Crude oil keeps sinking, though the front month futures contract retraced some of its early losses to stay above $55 a barrel Wednesday. U.S. oil stockpiles and production both rose last week, as did U.S. gasoline stocks, all when analysts had been expecting draws. Daily U.S. oil production climbed above 9.6 million barrels.
It looks like sustained prices above $50 a barrel the last six weeks or so had U.S. producers turning on the taps to full steam. Just a few days ago, there was talk that some of the transport stocks like airlines, trucking, and railroad companies might face pressure from rising fuel costs, but now that doesn’t look as certain. One thing investors might want to remember, assuming this production and price trend continues, is to keep a close eye on the $50 level. It seems to represent a kind of inflection point.
One company that’s struggled in part due to low energy prices over the last few years is General Electric (GE), whose recent 50% dividend cut raised concern among some investors who depend on dividends from GE and other companies. Though GE’s troubles drew a lot of attention, remember that other large dividend-paying companies are generally doing well. One company isn’t the whole market, and the squeaky wheel tends to make the most noise on the financial news networks.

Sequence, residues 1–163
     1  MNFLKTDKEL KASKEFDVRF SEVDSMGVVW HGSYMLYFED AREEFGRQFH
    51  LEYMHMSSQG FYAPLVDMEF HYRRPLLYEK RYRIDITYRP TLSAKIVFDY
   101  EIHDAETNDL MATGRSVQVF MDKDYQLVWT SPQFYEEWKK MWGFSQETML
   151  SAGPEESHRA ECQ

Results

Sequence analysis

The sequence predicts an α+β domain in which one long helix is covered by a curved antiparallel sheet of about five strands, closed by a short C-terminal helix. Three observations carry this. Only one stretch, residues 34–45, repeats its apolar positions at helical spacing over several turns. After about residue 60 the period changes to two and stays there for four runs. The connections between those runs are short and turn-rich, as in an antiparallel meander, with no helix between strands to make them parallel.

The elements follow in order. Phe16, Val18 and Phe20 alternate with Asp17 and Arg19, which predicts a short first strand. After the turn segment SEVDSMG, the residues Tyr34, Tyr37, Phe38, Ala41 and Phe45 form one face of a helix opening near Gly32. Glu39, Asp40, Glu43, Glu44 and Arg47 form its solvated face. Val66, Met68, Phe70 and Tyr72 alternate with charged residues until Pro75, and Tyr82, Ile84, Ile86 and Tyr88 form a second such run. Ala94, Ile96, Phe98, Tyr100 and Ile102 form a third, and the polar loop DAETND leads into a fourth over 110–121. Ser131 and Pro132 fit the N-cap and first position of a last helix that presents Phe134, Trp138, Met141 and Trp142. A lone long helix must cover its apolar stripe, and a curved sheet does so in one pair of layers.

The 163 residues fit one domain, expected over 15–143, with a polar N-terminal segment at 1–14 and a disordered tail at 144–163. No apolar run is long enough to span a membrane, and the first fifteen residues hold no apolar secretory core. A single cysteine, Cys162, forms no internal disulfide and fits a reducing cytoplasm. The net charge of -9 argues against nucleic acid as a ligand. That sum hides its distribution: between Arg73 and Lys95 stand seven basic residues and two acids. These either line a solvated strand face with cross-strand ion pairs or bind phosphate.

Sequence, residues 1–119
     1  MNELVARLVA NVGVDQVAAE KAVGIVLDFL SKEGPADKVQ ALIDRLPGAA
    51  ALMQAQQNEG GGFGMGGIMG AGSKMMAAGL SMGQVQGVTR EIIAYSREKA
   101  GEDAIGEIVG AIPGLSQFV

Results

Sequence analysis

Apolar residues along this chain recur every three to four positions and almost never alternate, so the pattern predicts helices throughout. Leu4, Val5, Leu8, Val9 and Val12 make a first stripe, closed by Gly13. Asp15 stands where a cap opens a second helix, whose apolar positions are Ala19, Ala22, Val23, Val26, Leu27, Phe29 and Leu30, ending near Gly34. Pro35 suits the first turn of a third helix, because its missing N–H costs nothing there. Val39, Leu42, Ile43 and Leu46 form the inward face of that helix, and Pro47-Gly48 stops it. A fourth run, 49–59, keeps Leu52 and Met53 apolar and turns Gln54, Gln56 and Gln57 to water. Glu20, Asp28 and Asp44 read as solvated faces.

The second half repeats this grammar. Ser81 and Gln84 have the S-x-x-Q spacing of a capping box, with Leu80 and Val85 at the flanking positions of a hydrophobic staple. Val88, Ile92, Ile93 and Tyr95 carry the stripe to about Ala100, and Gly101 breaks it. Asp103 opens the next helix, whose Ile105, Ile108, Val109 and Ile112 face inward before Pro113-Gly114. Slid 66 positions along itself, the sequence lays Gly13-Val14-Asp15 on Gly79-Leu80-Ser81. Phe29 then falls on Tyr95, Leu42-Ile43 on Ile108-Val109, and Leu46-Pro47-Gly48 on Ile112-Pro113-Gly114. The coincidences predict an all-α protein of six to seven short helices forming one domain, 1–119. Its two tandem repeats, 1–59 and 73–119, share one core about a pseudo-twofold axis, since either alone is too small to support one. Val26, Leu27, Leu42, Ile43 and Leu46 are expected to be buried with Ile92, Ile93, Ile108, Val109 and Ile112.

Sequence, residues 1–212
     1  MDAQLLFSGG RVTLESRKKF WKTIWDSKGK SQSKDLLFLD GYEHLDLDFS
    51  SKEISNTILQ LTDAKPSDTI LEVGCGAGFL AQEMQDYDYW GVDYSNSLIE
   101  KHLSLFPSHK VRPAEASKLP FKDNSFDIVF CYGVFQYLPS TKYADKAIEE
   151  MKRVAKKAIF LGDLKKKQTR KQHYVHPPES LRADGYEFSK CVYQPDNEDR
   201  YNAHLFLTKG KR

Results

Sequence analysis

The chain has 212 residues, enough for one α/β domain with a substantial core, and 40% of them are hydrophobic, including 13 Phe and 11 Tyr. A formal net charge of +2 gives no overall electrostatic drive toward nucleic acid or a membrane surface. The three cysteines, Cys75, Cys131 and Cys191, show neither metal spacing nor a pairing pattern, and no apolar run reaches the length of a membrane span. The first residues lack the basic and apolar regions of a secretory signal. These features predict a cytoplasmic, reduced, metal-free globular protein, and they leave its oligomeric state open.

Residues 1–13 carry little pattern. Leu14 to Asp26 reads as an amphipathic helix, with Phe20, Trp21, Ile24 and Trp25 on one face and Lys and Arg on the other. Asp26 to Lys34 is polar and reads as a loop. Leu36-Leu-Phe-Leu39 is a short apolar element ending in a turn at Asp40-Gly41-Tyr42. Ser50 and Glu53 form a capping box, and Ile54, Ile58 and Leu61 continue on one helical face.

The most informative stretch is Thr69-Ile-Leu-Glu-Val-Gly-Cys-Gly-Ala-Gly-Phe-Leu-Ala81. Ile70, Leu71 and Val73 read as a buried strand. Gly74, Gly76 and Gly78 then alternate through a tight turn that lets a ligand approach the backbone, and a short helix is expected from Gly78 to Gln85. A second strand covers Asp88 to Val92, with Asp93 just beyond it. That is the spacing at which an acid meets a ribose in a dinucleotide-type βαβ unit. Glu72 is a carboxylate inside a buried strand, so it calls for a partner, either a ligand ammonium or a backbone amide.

Word of the Day is “Resilient”: If there’s one word this year’s U.S. stock market brings to mind, it’s arguably “resilient.” Since May, the S&P 500 Index (SPX) has fallen 1% or more several times, and each time didn’t take long to bounce back. Although past isn’t precedent, keep those earlier recoveries in mind as the SPX struggles, down more than 1% Wednesday from its recent all-time peak of 2597 recorded on Nov. 7.